The neoliberals operated on a consensus that cut across the political spectrum: the economy would only be sustained through capitalist globalization abroad and austerity at home. In the capitalist core, this meant abandoning sections of the working class that had previously enjoyed some political representation and economic benefits, largely through the inclusion of unions and social democratic voting blocs. The elites carrying out this program united former “progressives” alongside conservatives. Bill Clinton––who signed NAFTA in 1993, expanded mass incarceration in 1994, and gutted welfare in 1996––is a great example.
Even this recomposition of the working class and capitalism could not solve the crisis, which continued to appear in speculative bubbles and stalling GDP growth. Now with the onset of the Great Recession in 2008, capital is again being forced to transform and drive down the cost of labor power. This time, however, the crisis is eroding the legitimacy of the neoliberal elite, and unleashing new struggles of proletarians, and downwardly-mobile middle class people, on a scale unseen since the 1960s.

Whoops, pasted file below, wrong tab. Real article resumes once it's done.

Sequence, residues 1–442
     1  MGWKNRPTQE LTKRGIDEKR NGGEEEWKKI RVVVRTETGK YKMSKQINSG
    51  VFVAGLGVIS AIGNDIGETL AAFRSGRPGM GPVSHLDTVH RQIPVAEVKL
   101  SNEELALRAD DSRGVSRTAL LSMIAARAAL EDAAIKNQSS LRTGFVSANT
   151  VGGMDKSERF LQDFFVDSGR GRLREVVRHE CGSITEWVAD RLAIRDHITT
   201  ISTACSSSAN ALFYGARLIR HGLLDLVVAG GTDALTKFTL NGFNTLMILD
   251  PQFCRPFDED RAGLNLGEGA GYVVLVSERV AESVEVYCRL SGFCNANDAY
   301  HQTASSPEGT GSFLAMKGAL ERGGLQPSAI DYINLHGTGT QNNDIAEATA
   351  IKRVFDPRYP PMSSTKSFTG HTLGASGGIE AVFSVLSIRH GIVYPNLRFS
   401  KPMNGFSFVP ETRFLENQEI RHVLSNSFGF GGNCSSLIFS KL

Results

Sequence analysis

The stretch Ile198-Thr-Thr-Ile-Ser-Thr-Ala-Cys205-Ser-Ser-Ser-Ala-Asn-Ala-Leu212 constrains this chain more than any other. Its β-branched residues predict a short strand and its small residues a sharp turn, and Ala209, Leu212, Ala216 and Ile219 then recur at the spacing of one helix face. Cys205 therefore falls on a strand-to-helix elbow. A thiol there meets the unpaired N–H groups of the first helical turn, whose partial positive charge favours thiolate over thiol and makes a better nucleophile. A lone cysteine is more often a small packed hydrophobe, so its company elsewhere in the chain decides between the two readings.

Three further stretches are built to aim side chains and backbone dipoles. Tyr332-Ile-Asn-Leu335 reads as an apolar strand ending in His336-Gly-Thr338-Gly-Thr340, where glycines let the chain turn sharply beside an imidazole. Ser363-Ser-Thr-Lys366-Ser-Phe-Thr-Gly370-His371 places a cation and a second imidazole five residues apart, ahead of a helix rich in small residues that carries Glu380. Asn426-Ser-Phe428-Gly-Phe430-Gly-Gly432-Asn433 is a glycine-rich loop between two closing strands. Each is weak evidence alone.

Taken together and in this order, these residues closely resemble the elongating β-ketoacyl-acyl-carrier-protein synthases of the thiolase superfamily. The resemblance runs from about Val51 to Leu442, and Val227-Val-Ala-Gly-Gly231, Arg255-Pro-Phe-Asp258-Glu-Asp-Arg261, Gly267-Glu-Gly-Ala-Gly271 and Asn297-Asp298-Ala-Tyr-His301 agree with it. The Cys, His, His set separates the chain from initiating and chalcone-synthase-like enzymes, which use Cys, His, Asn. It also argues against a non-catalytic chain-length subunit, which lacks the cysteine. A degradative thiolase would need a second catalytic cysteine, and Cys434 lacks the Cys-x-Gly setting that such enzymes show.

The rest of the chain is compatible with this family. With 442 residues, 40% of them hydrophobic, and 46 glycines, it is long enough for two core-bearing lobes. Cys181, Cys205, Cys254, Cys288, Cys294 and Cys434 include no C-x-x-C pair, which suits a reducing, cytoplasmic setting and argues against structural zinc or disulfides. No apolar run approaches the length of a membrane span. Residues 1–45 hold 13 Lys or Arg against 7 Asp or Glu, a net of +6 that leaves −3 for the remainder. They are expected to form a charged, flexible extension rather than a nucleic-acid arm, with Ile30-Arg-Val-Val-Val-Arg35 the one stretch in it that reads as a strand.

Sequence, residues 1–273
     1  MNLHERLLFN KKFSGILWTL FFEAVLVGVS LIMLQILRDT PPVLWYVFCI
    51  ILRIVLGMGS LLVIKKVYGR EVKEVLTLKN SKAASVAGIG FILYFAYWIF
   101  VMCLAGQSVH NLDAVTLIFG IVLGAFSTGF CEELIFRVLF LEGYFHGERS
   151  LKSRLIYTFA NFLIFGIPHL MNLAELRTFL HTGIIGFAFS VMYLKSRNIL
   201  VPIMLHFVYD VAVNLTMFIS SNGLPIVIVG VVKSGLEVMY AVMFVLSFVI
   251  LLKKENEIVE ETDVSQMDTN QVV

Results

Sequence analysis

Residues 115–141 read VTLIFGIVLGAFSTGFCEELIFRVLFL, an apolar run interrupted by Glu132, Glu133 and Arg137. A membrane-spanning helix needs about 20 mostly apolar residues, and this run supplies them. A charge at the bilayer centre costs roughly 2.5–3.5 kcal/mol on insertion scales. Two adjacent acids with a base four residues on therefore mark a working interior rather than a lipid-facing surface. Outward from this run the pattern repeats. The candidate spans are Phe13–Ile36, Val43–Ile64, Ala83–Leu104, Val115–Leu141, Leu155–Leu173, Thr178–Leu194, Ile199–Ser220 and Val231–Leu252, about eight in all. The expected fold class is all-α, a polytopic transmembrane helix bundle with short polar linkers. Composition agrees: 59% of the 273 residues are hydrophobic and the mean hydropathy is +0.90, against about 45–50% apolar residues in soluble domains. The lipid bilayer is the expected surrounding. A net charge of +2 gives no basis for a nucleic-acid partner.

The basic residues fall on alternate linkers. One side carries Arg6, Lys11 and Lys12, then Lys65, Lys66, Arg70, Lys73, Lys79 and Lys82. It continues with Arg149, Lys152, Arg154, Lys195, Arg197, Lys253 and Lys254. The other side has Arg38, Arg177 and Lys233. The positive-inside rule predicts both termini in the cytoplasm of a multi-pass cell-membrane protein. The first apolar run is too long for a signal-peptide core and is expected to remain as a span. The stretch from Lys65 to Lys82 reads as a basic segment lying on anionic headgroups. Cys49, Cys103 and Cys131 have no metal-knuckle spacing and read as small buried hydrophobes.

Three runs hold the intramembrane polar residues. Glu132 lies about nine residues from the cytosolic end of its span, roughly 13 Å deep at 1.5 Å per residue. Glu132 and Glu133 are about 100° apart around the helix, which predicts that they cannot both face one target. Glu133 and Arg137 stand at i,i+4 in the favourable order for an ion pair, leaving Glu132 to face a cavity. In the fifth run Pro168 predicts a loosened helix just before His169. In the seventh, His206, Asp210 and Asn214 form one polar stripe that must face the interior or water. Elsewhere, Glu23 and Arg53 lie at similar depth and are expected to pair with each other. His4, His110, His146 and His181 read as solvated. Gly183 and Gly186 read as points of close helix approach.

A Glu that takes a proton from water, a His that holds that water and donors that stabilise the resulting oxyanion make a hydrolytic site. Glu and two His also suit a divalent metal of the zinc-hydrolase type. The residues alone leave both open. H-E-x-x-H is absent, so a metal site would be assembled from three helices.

The technocrats who came to power in the 1980s-90s have no answer to the crisis except redoubled austerity and expanded police powers. Set adrift, they have been threatened or swept aside in many core capitalist countries. Centrist parties have been displaced by new left wing coalitions such as Syriza in Greece, Podemos in Spain, and the Corbynite take over of the Labor Party in Britain. All of these leftist parties promise to restore social democracy. But even in power, they are helpless to address the structural malaise of capital. Unable to redistribute profits that are shrinking or nonexistent, yet equally unwilling to abolish the wage system and the state, they have thus far failed to deliver. Movements in the former Third World have similarly run aground, as the “pink tide” governments in Latin America stall out amid recession, and the Arab Spring uprisings in the Middle East meet with defeat.
When existing elites are delegitimized and left movements reach their limits and dissolve, a vacuum appears. For Gramsci, this was an impasse in which “the old is dying and the new cannot be born.” That vacuum can be filled by nationalist and far right movements and parties, of which Trump is the latest expression.